A DUP motion condemning the secret deal that saw 187 'letters of comfort' issued to republican suspects was yesterday passed convincingly by the Stormont assembly.
After more than two hours of often boisterous debate, MLAs voted by 58 to 27 in support of calls for the British government to restore victims' confidence through a judicial inquiry.
Given British prime minister David Cameron's pledge on Thursday to hold a judge-led probe into the o n-the-run (OTR) controversy, the outcome of the special assembly sitting was largely academic.
However, almost all MLAs turnedup to debate the motion, which had been proposed earlier in the week by senior DUP members, including leader Peter Robinson.
Opening the debate, Mr Robinson described the collapse of the case against John Downey as "morally outrageous and an affront to justice".
The 61-year-old Co Donegal man had been on trial for the 1982 Hyde Park bomb in which four British soldiers were killed.
The trial ended dramatically on Tuesday when it emerged that Mr Downey had been sent a letter in 2007 confirming he was not being pursued by the British authorities.
"It was followed by outrage, that outrage, I have to say, was not manufactured or synthetic, it was real, it was an outrage felt by victims, it was an outrage felt by those within the political process that they had been by-passed by the British government and by Sinn Fein," Mr Robinson said.
The DUP leader said that if the British government honoured the terms of a written statement from Secretary of State Theresa Villiers, the 187 letters would no longer be a "free pass" that enabled people to avoid arrest and prosecution.
Deputy First Minister Martin McGuinness accused the DUP of threatening the stability of power sharing and engaging in political posturing ahead of forthcoming elections.
"I am frustrated that the stability of these institutions have been irresponsibly threatened this week and a sense of crisis has replaced the much-needed focus that we needed to get agreement on issues relating to the past," the Mid Ulster MLA said.
"I am frustrated that those historically opposed to the peace process and to power sharing are being allowed to chip away at the process by using legacy issues as a vehicle to pursue their negative and rejectionist agenda."
SDLP leader Alasdair McDonnell called for the disclosure of any other secret deals which had been struck.
"We must know, we must get all the information, we must achieve honesty, openness and transparency around all these issues, starting with rejecting any possibility of secret deals going forward," he said.
He accused the Tony Blair's Labour administration and former secretary of state Peter Hain of cynicism.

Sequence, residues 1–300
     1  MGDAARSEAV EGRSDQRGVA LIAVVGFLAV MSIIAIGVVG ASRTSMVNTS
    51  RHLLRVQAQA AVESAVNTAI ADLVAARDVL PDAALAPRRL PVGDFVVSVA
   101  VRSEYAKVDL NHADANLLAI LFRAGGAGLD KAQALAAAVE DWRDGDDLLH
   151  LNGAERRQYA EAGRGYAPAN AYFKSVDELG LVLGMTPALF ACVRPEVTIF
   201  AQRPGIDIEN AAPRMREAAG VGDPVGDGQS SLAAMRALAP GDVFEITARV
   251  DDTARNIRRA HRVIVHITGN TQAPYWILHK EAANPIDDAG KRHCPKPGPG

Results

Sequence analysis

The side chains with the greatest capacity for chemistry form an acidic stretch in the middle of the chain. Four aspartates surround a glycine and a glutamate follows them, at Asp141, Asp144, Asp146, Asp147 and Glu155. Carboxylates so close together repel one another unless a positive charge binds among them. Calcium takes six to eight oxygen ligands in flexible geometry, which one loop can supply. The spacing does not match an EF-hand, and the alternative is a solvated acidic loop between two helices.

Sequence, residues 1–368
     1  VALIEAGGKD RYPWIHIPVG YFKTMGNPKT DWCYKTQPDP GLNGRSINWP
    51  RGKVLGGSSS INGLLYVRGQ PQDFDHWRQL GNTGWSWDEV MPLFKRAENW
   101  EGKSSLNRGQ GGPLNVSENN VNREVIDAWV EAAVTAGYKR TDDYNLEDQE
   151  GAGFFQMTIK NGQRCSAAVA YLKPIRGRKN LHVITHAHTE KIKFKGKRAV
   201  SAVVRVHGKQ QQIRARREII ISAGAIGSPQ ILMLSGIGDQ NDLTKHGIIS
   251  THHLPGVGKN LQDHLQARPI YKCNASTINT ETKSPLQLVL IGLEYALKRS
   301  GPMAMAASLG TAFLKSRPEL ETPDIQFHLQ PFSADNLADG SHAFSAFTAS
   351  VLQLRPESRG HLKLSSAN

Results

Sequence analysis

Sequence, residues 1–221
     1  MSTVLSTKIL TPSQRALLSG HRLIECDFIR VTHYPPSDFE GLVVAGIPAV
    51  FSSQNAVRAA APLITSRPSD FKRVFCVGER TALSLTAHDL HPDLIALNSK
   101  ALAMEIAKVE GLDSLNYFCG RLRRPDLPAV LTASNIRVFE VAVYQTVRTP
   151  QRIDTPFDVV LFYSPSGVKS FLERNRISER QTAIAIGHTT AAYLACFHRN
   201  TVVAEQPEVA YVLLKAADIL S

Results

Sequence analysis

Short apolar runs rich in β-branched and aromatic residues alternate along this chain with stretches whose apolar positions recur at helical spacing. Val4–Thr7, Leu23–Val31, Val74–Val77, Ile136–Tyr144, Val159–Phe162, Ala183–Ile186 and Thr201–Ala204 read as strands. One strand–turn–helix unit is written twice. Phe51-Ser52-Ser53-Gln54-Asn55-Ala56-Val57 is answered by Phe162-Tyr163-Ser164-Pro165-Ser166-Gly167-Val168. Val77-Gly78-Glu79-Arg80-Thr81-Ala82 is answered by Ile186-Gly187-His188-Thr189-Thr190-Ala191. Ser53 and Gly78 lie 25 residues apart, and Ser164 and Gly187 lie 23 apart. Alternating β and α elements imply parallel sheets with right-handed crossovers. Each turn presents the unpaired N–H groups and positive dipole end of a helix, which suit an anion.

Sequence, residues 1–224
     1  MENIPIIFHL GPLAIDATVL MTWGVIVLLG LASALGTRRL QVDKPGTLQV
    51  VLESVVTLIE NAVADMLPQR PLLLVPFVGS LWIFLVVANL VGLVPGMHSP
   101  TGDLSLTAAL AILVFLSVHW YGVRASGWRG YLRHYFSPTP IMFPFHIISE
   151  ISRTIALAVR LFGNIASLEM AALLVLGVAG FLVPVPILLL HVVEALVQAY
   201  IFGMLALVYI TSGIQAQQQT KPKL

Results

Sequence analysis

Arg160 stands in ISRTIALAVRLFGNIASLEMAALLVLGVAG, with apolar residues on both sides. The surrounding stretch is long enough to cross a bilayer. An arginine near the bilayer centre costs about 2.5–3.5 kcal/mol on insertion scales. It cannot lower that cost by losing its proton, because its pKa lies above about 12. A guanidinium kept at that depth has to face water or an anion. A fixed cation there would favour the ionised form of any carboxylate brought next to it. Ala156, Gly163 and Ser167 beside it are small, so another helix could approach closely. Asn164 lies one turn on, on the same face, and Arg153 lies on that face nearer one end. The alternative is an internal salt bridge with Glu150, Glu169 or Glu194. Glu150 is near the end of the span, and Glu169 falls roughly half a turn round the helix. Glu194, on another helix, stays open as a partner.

Dr McDonnell said they and Sinn Fein has shown "contempt for our parliamentary democracy and antipathy and disdain for victims".
"The structures of government must be and must feel to be fully accountable to our people - power must fundamentally lie with the people on the street, the citizens," the South Belfast MLA said.
Ulster Unionist leader Mike Nesbitt branded the OTR scheme, which saw potential police suspects given assurances that they would not be arrested, a "perversion of justice".
He said the actions of Sinn Fein over the OTR issue had effectively killed-off the process chaired by Richard Haass, addressing flags, parades and the past.
"Let me make clear, for the Ulster Unionist Party not only is Haass over but the party leaders [meetings
to discuss Haass] is over -- and it is over because of Sinn Fein and bad faith," he said.
Alliance leader David Ford was at pains to stress that he had no role in administering the OTR letters system.
He said that role was carried out by a senior official from the Northern Ireland Office who the Department of Justice bore no responsibility for.
Mr Ford said the episode highlighted the need to refocus minds on the political process.
"Whatever our differences this afternoon we have to see whether we can build something different and a different, shared future for all our people," Mr Ford said.
TUV leader Jim Allister describesd the OTR letters as a "sordid arrangement".
"It subverts not only the political process but the judicial process, and those who perfected it were the British government and the IRA through its surrogates, Sinn Fein," the North Antim MLA said.
"Of course, it is made worse by the fact that it was kept secret."